Most farmers and ranchers will at one time or another visit with their banker to obtain financing. Most folks are familiar with the fact that when they finance a home or other real property that the bank will demand a mortgage or deed of trust to secure payment of the loan. If you fail to pay the loan, the bank will foreclose on your home.
Many people may be surprised to learn that the law also allows the bank to to secure a loan by placing a lien on your crops, your livestock, your equipment and other agricultural products.
Many farmers and ranchers obtain an operating loan so that they have money at the beginning of the year to buy seed, equipment, fertilizer, fuel, and to pay for other upfront operating expenses. While the bank may loan you money for such expenses, it will typically request a security interest in the crops, or the livestock, or the equipment that you are purchasing with the money being loaned.
At the time that the money is loaned the bank may have you sign a UCC-1F (see sample). This is a farm products financing statement and must be signed by you for the bank to obtain a security interest in farm products. On the form the bank must identify the farm product in which it is taking a secured interest.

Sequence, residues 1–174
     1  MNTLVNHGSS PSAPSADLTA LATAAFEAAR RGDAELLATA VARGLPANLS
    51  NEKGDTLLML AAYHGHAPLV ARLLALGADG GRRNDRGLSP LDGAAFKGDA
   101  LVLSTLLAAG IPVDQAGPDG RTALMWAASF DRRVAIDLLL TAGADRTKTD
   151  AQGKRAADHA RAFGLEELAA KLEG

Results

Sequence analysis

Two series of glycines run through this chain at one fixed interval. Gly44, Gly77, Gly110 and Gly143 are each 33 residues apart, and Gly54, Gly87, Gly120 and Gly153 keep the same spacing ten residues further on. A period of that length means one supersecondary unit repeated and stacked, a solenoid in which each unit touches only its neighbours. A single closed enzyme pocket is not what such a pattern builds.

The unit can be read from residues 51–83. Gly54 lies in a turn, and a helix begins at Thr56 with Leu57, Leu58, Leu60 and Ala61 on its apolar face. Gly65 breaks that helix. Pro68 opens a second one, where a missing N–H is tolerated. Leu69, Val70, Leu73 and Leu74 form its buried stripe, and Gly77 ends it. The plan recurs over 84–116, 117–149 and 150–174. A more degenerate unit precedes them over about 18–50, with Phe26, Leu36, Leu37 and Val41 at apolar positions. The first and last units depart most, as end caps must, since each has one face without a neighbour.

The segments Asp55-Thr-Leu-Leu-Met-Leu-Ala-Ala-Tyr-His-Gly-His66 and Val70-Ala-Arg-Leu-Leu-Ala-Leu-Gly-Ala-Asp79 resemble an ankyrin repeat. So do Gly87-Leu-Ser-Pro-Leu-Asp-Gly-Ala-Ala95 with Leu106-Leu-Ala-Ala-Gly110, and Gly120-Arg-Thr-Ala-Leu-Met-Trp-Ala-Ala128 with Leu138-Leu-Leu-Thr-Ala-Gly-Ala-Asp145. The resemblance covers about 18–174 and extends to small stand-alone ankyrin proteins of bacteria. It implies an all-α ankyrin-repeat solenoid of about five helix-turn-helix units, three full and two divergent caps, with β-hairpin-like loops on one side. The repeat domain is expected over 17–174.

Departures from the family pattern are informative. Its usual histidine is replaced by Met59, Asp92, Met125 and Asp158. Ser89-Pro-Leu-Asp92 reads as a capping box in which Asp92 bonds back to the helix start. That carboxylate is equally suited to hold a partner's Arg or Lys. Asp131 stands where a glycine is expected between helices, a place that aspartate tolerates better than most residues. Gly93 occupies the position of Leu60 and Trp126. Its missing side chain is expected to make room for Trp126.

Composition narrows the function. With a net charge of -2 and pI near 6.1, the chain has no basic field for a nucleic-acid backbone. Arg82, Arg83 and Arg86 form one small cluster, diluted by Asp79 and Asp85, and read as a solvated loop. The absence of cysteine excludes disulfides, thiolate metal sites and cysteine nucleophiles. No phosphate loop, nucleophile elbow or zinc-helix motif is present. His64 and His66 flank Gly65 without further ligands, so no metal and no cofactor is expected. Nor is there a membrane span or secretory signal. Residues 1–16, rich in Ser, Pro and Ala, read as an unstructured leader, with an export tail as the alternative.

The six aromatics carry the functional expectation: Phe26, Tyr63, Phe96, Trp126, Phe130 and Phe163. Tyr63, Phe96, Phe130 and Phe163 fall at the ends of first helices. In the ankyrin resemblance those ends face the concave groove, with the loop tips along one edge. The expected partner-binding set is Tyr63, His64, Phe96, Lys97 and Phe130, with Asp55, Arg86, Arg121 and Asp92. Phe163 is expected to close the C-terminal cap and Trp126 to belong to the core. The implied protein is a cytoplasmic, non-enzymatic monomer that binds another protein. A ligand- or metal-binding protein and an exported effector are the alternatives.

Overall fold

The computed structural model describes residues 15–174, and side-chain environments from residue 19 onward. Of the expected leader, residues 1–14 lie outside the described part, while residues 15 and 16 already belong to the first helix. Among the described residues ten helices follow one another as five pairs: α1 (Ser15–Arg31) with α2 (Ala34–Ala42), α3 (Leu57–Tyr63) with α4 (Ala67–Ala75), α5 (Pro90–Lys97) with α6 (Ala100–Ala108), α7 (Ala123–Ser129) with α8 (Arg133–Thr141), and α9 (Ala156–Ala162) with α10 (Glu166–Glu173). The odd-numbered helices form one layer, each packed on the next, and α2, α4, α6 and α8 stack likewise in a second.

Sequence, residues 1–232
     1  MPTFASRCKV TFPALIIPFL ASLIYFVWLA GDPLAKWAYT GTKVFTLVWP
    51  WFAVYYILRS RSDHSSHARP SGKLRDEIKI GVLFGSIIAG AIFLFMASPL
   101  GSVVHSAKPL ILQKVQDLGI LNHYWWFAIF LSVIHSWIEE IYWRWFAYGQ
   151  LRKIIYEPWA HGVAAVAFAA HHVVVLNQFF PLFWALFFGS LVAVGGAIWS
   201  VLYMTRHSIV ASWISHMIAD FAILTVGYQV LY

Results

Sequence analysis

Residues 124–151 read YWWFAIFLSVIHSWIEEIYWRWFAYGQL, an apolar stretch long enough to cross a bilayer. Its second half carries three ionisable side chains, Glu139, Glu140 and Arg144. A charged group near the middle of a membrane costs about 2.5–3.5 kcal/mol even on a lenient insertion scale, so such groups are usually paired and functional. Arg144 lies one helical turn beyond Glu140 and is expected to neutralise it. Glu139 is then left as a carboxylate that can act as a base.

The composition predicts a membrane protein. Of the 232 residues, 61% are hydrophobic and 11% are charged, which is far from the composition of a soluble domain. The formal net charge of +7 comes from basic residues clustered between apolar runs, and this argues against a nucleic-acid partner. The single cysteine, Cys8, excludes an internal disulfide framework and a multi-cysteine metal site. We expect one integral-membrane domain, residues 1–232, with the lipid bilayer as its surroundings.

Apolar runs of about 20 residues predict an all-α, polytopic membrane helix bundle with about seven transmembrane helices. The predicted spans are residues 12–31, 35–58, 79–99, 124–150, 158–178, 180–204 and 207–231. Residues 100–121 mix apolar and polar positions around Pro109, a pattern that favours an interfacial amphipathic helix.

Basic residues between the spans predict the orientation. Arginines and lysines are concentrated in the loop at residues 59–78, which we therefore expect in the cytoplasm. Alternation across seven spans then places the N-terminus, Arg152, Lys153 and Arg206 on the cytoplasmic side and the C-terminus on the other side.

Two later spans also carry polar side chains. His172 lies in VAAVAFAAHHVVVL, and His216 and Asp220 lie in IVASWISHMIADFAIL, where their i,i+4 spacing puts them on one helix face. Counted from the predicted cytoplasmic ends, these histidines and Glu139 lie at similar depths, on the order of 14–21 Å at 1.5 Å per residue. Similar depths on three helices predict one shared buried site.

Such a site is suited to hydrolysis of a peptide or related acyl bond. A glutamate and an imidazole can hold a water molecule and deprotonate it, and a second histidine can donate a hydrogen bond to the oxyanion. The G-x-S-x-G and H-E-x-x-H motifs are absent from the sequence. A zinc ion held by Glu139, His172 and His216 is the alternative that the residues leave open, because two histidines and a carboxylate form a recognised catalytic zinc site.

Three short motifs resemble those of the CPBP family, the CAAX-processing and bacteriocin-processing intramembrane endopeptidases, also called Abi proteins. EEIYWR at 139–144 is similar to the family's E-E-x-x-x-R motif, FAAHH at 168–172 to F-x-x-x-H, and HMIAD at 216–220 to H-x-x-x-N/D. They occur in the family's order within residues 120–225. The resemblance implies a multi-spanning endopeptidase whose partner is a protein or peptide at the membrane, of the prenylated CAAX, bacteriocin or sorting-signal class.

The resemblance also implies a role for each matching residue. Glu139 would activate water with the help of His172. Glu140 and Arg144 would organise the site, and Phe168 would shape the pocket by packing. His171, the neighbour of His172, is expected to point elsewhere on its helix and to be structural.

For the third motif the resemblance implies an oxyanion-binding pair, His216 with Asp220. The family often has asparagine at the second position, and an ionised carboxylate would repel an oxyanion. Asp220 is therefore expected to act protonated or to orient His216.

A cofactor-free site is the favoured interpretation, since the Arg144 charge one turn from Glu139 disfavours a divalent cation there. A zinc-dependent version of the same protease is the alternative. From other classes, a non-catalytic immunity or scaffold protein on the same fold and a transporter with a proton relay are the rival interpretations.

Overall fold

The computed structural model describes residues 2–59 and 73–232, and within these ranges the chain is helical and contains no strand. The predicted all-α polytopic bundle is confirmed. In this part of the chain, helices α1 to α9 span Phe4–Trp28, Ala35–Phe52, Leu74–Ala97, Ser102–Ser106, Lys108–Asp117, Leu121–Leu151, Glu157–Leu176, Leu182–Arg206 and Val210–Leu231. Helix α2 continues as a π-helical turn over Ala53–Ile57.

For example, the bank could take a security interest in your wheat, potatoes, alfalfa, beans, wool, eggs, rabbits or bees wax. Even if you are raising worms, the bank can take a security interest in them little fellers too.
After you sign the financing statement it is filed with the Idaho Secretary of State. The Secretary of State records the financing statement and a record is kept which puts any other lenders, or buyers of your product, on notice that there is a secured interest in the product.
After the loan is satisfied the bank should sign, date and file with the Secretary of State a termination statement which terminates the secured interest in the agricultural product.
A security interest in your crops or livestock provides additional security to assure that the bank will be repaid for the money loaned to assist you in your farming and ranching. However, all of the hard work and sweat is still up to you.
– Lance J. Schuster is a lawyer at Beard St. Clair Gaffney. He and his wife raise kids and cattle on their small farm near Idaho Falls. He can be reached at 523-5171. Or lance @beardstclair.com